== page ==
Corporate Investigations

Depending on the matter, data collection and management can be among the most daunting and logistically difficult tasks. Ensuring that the full relevant universe of data is being preserved and considered and that accurate recordkeeping is being performed is essential to managing large volumes of information and, in turn, facilitating fact-finding goals and risk assessment.
Continue Reading

The beginning stages of an investigation are often the most critical.  At the outset of any investigation, information is often limited and events are unfolding quickly.  As a result, it is important to develop a clear and adaptable plan that is appropriately scoped, identifies the right team and sets forth the steps that will be taken as part of the investigation.  Having a written plan in place is crucial to making sure that all relevant stakeholders are on the same page about what activities the investigation will include.  It also ensures that the investigation is managed effectively and is guided by a clear set of objectives. 
Continue Reading

Choices made at the outset of a crisis can play a critical role in a company’s ability to maintain future privilege claims. Recent cases highlight the risks of:

1. Sharing privileged communications with third-party consultants;
2. Conducting witness interviews through non-lawyers; and
3. Discussing the crisis with a former employee.
Continue Reading

A company faced with a crisis needs to act quickly to assess and determine the scope of any potential liability in order to guide its first response and frame the forthcoming investigation.  Issues overlooked in the early phases of an investigation could prove very costly down the road, limiting options or potentially subjecting a company to greater penalties.
Continue Reading

Legal and regulatory scrutiny regarding the use of non-disclosure agreements by companies to resolve allegations of sexual harassment and misconduct continues to increase in the wake of the #MeToo movement.  Such scrutiny featured prominently this month in two high-profile sexual harassment matters: the Wynn Resorts investigation and the various legal proceedings following the allegations against Harvey Weinstein.  Both in-house and outside counsel for companies with senior executives facing such allegations should take note of these developments, as they call into question whether the use of NDAs could in certain circumstances amount to investigatory obstruction or a violation of ethical obligations.
Continue Reading

As discussed in Cleary Gottlieb’s December 21, 2018 Alert Memorandum, on December 18, 2018, the U.S. Court of Appeals for the D.C. Circuit issued an important ruling in In re Grand Jury Subpoena, holding, inter alia, that foreign state-owned corporations are subject to criminal jurisdiction in the United States and upholding Special Counsel

On December 18, 2018, the District of Columbia Circuit Court of Appeals issued an important ruling in In re Grand Jury Subpoena, holding that foreign state-owned corporations are subject to criminal jurisdiction in the United States and that the exceptions to sovereign immunity set forth in the Foreign Sovereign Immunities Act (the “FSIA”)[1] apply to criminal as well as to civil cases.[2]  The court also rejected the foreign sovereign entity’s argument that it should be excused from complying with a subpoena because doing so would violate the law of the respondent’s country of incorporation.  Although In re Grand Jury Subpoena arises in the context of enforcing a grand jury subpoena, its language and holding could potentially be extended to criminal prosecutions of a foreign state or state-owned entity.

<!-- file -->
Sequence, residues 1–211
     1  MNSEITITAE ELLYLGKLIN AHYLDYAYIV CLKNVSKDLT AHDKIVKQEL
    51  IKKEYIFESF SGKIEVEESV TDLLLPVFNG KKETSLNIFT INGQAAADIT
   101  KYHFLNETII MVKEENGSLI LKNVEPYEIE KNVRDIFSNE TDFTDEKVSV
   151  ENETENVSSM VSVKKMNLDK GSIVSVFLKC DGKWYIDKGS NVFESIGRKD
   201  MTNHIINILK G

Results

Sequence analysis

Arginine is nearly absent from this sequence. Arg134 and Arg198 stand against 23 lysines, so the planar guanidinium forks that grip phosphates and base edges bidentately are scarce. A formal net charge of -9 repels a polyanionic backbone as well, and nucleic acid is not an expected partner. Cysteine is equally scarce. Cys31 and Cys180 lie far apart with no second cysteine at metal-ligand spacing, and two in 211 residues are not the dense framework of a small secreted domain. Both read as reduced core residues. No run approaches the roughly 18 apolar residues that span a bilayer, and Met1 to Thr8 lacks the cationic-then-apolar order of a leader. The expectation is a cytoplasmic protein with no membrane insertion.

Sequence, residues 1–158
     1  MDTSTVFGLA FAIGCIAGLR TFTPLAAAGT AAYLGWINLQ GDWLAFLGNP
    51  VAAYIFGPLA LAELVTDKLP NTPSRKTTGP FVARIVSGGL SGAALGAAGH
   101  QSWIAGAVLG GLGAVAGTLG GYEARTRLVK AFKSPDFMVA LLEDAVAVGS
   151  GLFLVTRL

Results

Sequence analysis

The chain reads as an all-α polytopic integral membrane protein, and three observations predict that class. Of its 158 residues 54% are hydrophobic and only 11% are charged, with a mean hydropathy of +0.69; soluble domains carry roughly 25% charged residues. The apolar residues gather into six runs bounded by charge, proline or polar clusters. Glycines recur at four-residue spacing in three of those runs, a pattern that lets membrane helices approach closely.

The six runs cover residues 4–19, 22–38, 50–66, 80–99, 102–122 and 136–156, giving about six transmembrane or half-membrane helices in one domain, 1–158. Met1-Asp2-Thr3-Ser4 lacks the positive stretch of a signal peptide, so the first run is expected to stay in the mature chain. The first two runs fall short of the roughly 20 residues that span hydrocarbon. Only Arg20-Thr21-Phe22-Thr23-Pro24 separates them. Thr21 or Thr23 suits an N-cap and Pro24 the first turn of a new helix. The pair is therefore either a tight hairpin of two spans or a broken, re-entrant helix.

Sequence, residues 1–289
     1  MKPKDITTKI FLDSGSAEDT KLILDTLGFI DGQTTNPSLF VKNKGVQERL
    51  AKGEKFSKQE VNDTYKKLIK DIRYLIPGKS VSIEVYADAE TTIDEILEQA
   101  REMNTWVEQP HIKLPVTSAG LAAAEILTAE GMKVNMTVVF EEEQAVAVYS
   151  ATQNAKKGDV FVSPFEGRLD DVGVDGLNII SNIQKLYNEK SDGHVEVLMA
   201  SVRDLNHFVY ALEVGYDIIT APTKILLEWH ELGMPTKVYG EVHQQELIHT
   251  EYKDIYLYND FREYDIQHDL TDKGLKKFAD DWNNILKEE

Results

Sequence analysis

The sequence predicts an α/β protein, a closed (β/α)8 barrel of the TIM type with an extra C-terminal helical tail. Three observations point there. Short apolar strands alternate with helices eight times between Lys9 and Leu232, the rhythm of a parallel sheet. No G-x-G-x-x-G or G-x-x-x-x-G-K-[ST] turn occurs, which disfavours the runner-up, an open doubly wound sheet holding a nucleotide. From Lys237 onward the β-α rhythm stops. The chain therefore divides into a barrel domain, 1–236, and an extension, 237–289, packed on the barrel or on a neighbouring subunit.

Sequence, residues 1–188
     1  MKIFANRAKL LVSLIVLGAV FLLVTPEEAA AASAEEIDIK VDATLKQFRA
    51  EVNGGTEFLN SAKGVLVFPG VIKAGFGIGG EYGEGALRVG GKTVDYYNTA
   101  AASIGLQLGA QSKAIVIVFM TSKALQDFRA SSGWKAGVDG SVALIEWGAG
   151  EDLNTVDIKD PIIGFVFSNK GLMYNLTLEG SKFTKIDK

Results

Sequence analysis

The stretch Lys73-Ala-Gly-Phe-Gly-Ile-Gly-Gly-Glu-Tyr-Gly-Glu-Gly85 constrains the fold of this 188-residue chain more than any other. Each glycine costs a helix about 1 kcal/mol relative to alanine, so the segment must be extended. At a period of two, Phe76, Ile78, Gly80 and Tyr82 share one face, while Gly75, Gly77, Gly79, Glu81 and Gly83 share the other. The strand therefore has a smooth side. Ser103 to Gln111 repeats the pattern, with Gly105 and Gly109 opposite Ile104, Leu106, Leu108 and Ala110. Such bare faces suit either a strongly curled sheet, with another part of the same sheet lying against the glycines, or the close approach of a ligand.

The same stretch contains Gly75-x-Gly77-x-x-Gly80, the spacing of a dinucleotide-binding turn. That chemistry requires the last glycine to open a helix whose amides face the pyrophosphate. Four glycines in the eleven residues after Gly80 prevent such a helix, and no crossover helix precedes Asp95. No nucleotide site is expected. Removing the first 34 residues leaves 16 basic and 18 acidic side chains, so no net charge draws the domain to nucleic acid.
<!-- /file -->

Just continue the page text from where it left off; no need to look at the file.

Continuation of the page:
Continue Reading

Last month, Guatemalan President Jimmy Morales effectively shut down the operation of the UN-operated International Commission against Impunity in Guatemala (called by its Spanish initials, “CICIG”) by declining to renew its mandate past its September 2019 expiration date and by barring the head of CICIG, Iván Velásquez, from re-entering the country.  CICIG, a uniquely independent organ of the United Nations (“U.N.”), was created in 2007 to support and assist Guatemalan institutions in identifying, investigating, and prosecuting public corruption.  Over the past decade, it has investigated nearly 200 public officials, and its efforts led to the prosecution and ultimate resignation of former Guatemalan President, Otto Pérez Molina.[1] 
Continue Reading

On September 27, 2018, in remarks delivered at the 5th Annual Global Investigations Review New York Live Event, Deputy Assistant Attorney General Matthew S. Miner reported on the accomplishments of the Department of Justice (“DOJ”) over the course of the last twelve months.  Importantly, he also discussed recent changes to the DOJ’s policies on prosecution of business organizations and how those changes have been implemented.[1]  Miner highlighted the DOJ’s efforts to incentivize and provide guidance to companies to self-report, cooperate and remediate corporate misconduct while underscoring the importance of robust compliance programs to detect and prevent wrongdoing and to obtain full credit in resolving investigations by the DOJ.
Continue Reading

On September 14, 2018, a federal judge in the Southern District of New York certified as a class action a securities fraud suit against hedge fund Och-Ziff Capital Management Group LLC (“Och-Ziff”) and two of its executives.[1]  Shortly after the decision certifying the class, the parties informed the court that they had reached an agreement in principle to settle the case, which had gone forward on the basis of allegations that Och-Ziff had failed to make adequate disclosures related to its knowledge of the investigation.
Continue Reading